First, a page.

Buy or Sell 3 trends from Sixers’ shorthanded success

Shake Milton, Sixers (Photo by Douglas P. DeFelice/Getty Images)
Shake Milton, Sixers (Photo by Douglas P. DeFelice/Getty Images) /
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(Photo by Mitchell Leff/Getty Images)
(Photo by Mitchell Leff/Getty Images) /

The Sixers looked dead in the water last week when it was announced that Joel Embiid would miss time with a right foot sprain. That announcement came on the heels of disheartening injury news regarding James Harden and Tyrese Maxey, both of whom are still in the middle of extended absences.

Philadelphia has a foot problem (not the first time). Since the Embiid news, however… the team has won three of four to advance to two games above .500 on the season, 11-9. How the heck has that happened?

Well, credit is due pretty much up and down the roster. Guys have stepped up. Shake Milton is playing the best ball of his career, De’Anthony Melton looks every bit the two-way stud we were promised, and Tobias Harris continues to grind away in whatever role is demanded of him. And, dare I say… Doc Rivers has coached well?

A pleasantly surprising stretch of successful basketball is nothing new in Philadelphia, but it’s also less common than the fandom might like. So, let’s reflect upon it and decide what’s real and what isn’t. Which trends might suggest something about the future, and which are mere flashes in the pan?

Buy or Sell Sixers trends: Shake Milton’s emergence

Shake Milton‘s sudden star turn is undoubtedly real. He looks perfectly comfortable as the team’s lead ball-handler and primary creator, patiently working the mid-range game, aggressively seeking pull-up jumpers, and weaponizing his strength as a finisher inside. Over the last five games (all starts), Milton has averaged 23.6 points, 6.6 rebounds, and 6.6 assists on 60.6 percent shooting.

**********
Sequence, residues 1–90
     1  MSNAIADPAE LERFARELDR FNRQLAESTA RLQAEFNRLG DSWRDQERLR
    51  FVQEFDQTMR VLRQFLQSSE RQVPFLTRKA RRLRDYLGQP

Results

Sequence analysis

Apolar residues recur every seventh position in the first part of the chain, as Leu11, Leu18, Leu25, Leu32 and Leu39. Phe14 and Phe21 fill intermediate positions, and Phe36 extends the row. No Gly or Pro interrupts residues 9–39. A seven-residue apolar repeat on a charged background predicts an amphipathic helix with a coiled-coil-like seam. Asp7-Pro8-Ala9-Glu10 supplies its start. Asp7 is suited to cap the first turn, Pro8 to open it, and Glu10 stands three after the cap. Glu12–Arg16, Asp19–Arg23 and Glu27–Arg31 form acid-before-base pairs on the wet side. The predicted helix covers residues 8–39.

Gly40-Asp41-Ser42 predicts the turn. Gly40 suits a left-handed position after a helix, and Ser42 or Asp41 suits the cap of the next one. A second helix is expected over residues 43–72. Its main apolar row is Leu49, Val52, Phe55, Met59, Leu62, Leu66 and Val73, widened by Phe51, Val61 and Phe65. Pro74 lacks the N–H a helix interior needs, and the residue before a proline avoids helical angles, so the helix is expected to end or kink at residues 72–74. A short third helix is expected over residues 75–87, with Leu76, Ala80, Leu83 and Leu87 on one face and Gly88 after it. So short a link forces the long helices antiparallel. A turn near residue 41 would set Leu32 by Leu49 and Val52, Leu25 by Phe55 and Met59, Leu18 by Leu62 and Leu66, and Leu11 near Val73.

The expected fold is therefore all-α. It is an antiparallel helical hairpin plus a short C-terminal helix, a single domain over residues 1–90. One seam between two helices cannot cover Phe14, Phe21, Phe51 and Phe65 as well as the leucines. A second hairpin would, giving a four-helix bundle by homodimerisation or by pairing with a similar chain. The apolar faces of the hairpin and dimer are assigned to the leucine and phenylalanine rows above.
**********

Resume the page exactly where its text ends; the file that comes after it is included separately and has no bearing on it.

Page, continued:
The question is, how does Shake look once Harden and Maxey are back? We have seen stretches similar to this from Milton in the past. When he’s given a clear runway — when the offense is tailored to his unique tempo — he’s capable of impressive numbers. But, can he find that same groove in a complementary role? To be frank, I’m not terribly confident.

There’s no denying that Milton has earned more minutes off the bench once everyone gets back. He has earned the chance to be a rotational staple moving forward. But time and time again, we have seen Milton fade into the background when asked to play off of James Harden or Joel Embiid. He’s less aggressive facing up. He doesn’t take enough 3s. The onus is not on the Sixers to get Shake more involved — the onus is on Shake to involve himself in different ways. The offense won’t be tailored to him when the team is healthy, nor should it be. Shake has to prove that he can thrive as a role player. He has to find ways to translate his recent success to more productive minutes as a spot-up shooter and connective passer, rather than only showing out when he’s “the guy,” so to speak.

Milton was big for the Sixers last postseason and if anything, this stretch should instill more confidence in the 26-year-old moving forward. But I’m willing to bet Milton melts quickly into the background once everyone’s back. That’s not necessarily bad, but I’m not 100 percent convinced this recent stretch means anything with respect to Milton’s role player abilities.

Final verdict: SELL